The Writings of Abraham Lincoln Vol. 1-7


iSpeech

Lord John Russell has informed us of an understanding between the
British and French governments that they will act together in regard
to our affairs. This communication, however, loses something of its
value from the circumstance that the communication was withheld until
after knowledge of the fact had been acquired by us from other
sources. We know also another fact that has not yet been officially
communicated to us--namely, that other European States are apprised
by France and England of their agreement, and are expected to concur
with or follow them in whatever measures they adopt on the subject of
recognition. The United States have been impartial and just in all
their conduct toward the several nations of Europe. They will not
complain, however, of the combination now announced by the two
leading powers, although they think they had a right to expect a more
independent, if not a more friendly, course from each of them. You
will take no notice of that or any other alliance. Whenever the
European governments shall see fit to communicate directly with us,
we shall be, as heretofore, frank and explicit in our reply.

As to the blockade, you will say that by [the] our own laws [of
nature] and the laws of nature and the laws of nations, this
Government has a clear right to suppress insurrection. An exclusion
of commerce from national ports which have been seized by the
insurgents, in the equitable form of blockade, is the proper means to
that end. You will [admit] not insist that our blockade is [not] to
be respected if it be not maintained by a competent force; but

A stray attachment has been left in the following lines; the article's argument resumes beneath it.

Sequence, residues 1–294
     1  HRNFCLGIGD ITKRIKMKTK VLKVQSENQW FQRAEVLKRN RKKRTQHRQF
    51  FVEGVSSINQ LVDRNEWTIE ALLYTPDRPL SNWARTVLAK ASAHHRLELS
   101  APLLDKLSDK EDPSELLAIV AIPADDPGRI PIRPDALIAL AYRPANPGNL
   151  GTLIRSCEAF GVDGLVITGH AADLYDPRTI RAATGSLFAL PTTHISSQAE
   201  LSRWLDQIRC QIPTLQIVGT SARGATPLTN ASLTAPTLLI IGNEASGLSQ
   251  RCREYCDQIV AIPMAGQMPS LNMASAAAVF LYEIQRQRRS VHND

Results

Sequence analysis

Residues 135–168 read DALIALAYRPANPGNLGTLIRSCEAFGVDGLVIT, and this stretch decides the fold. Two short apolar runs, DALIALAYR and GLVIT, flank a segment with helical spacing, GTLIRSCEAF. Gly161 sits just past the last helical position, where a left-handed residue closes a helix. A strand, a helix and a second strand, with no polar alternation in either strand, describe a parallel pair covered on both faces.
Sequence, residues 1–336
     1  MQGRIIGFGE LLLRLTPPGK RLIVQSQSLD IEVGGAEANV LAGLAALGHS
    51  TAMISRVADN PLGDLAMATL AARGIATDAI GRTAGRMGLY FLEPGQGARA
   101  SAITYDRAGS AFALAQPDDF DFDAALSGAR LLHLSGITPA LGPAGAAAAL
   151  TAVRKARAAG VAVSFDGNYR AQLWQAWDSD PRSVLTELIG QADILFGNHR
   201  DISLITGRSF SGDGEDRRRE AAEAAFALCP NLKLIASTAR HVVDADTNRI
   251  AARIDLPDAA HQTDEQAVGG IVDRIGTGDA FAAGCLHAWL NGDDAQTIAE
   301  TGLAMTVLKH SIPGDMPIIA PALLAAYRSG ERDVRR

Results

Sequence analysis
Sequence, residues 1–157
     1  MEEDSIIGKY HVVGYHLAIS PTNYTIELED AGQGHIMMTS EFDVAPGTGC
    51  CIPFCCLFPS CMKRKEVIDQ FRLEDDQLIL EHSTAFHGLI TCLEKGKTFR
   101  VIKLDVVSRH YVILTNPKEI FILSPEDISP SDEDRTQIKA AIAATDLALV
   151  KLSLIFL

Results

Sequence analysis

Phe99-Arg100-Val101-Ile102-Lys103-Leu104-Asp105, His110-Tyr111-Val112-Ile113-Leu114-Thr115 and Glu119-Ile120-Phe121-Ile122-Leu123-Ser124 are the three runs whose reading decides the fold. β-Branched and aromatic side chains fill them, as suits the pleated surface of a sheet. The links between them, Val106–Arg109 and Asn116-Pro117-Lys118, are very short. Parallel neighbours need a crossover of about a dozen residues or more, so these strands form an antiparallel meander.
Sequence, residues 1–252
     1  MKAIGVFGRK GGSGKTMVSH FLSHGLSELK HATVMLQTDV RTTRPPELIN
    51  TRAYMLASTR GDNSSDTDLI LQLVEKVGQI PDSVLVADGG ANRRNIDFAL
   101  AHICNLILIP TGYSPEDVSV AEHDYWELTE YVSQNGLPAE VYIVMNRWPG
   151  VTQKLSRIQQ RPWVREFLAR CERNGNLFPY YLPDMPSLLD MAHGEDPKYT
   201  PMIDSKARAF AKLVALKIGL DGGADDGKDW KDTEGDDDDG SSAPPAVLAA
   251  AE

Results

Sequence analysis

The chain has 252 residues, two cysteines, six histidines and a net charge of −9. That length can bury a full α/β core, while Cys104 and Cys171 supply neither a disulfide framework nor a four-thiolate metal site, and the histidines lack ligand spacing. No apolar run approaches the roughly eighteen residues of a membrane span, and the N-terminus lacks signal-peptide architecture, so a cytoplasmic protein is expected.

passing by that question as not now a practical, or at least an
urgent, one, you will add that [it] the blockade is now, and it will
continue to be so maintained, and therefore we expect it to be
respected by Great Britain. You will add that we have already
revoked the exequatur of a Russian consul who had enlisted in the
military service of the insurgents, and we shall dismiss or demand
the recall of every foreign agent, consular or diplomatic, who shall
either disobey the Federal laws or disown the Federal authority.

As to the recognition of the so-called Southern Confederacy, it is
not to be made a subject of technical definition. It is, of course,
[quasi direct recognition to publish an acknowledgment of the
sovereignty and independence of a new power. It is [quasi] direct
recognition to receive its ambassadors, ministers, agents, or
commissioners officially. A concession of belligerent rights is
liable to be construed as a recognition of them. No one of these
proceedings will [be borne] pass [unnoticed] unquestioned by the
United States in this case.

Hitherto recognition has been moved only on the assumption that the
so-called Confederate States are de facto a self-sustaining power.
Now, after long forbearance, designed to soothe discontent and avert
the need of civil war, the land and naval forces of the United States